Your teeth are held in your jaw by the bone that surrounds them. When you have teeth, your normal functioning (chewing etc.) stimulates the bone around your teeth, telling it to remain in position. When you choose to or have to remove a tooth, your bone loses that stimulation an the bone level changes. Dentists call these changes “bone remodeling”.
When you have teeth, your jawbone has a scalloped appearance with the high points located between your teeth. So when you’ve lost a tooth, at first, the bone changes are helpful—otherwise you’d have spiky points left behind that could irritate your tongue! If you’ve had a tooth or teeth out, you’ve probably noticed that over time the area becomes more saddle shaped rather than scalloped.
Unfortunately, these bone changes don’t stop there. Without the stimulation that your tooth provides, your jaw bone keeps getting smaller and smaller and shorter and shorter. Over time, this can make wearing dentures (and making them for you) more difficult.
Think in today’s day and age that no one would need dentures? Today 35 Million people have no teeth and 90% of those wear dentures. And 23 million geriatric people have no teeth with an additional 12 million having no teeth in one arch (upper or lower). That's a lot of people!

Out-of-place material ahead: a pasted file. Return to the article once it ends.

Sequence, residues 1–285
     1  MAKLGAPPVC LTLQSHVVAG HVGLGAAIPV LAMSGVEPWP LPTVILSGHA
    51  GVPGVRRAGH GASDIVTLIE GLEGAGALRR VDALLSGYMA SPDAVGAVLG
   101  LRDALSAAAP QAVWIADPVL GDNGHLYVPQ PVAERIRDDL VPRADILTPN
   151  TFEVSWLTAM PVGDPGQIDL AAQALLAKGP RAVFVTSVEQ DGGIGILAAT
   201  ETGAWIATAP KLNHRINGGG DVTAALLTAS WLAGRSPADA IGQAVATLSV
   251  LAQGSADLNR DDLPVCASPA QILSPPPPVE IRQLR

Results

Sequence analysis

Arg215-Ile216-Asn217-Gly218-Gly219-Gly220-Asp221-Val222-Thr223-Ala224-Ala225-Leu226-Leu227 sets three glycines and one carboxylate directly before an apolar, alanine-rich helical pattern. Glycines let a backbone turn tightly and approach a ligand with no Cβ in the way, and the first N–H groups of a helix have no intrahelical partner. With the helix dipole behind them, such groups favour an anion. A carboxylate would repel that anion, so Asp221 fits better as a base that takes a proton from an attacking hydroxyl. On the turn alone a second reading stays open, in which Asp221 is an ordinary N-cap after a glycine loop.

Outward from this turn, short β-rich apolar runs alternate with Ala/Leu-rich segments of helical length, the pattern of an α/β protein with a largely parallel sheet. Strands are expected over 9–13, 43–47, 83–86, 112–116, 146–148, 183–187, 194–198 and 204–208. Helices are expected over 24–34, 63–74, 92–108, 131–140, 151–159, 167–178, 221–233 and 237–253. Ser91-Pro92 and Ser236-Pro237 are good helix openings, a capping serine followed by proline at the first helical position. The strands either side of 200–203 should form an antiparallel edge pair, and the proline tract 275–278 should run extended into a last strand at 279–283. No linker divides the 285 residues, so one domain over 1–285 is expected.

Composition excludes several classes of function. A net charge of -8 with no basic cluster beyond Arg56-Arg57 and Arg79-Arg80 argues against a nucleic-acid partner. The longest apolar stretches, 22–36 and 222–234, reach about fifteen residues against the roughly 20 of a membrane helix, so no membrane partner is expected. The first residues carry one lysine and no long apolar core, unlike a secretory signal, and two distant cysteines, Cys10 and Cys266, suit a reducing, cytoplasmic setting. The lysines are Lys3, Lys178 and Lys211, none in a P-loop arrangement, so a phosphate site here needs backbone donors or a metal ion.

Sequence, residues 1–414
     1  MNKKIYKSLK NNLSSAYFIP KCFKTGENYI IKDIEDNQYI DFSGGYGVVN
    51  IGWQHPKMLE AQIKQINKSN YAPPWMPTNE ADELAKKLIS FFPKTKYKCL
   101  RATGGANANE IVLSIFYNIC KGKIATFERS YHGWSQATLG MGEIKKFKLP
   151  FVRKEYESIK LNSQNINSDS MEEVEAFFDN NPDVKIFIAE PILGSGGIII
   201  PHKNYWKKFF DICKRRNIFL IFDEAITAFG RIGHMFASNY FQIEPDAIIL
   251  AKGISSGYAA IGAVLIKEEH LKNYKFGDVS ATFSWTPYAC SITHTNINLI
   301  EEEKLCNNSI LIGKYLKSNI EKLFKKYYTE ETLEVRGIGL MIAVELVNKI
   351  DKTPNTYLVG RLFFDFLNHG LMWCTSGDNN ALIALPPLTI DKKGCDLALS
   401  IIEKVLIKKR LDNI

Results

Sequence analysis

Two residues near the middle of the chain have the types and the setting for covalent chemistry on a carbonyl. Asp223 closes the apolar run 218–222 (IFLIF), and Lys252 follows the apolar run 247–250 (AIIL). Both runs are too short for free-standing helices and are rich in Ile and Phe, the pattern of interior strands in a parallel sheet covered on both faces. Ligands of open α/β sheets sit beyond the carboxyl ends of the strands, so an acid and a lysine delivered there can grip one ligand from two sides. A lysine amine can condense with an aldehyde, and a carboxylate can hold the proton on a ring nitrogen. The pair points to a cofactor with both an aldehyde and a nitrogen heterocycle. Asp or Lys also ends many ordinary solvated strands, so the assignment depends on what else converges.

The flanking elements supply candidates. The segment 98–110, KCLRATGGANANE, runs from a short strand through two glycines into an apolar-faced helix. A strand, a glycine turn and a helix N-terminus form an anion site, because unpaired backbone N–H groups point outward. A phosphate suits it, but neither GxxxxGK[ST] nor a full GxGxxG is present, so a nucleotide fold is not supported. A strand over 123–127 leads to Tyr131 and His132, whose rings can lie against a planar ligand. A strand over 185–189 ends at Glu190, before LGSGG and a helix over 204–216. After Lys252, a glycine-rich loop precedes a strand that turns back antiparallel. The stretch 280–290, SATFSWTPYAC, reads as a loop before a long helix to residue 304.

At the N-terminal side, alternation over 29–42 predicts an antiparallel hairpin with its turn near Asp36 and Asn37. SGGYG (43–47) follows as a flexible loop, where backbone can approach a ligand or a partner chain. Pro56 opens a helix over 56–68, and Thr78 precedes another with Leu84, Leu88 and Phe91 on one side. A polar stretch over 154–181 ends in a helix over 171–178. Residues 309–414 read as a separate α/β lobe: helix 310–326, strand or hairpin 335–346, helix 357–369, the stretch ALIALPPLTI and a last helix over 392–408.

There is a common belief that having no teeth means having no pain. If most denture wearers are honest, they will tell you that they’ve had periods of pain and discomfort because of their dentures. Traditional dentures rest on your gums. Any areas that push too firmly or rub on your gums, can create a sore spot. If you let it go, it can even create an ulcer. Also, food and other debris can get under the denture base and irritate your gums.
Even though your jaw bone is changing and shrinking all the time once your teeth are lost, the denture base itself doesn’t change—so over time, you may find that your denture rubs in areas that it didn’t before, or digs in to your gums, or doesn’t fit as well as it used to. The worst thing? Bad fitting dentures may cause more bone loss.
Dentists call the toothless bony area (that's covered by your gums) a ridge. Remember that this ridge is shrinking all the time. Unfortunately, the shorter the height of your remaining ridge, the harder it is to make you a new denture that will stay in place and allow you to function (chew etc.). Even the best fitting dentures provide only a fraction of the chewing force you have with your own teeth, so you really can’t afford to lose more because of not having enough ridge height to make a good fitting denture.
Are there ways to keep your bony ridge? Yes, there are. Ideally, you should try to keep your own teeth if it's possible. This might mean choosing to have a root canal and then restoring the tooth instead of removing your tooth. Dental implants provide some stimulation to the bone to keep ridge height in the areas where the implants are placed. They can also provide an anchor point for your appliance so that it’s not just relying on the close fit to your gums and the seal that creates to stay in place. Studies show that while an implant supported appliance does not quite match the chewing force of natural teeth, it does far exceed the chewing force provided by traditional gum-borne dentures.
**Note: Information in this article is not meant to replace the clinical judgment of your healthcare professionals.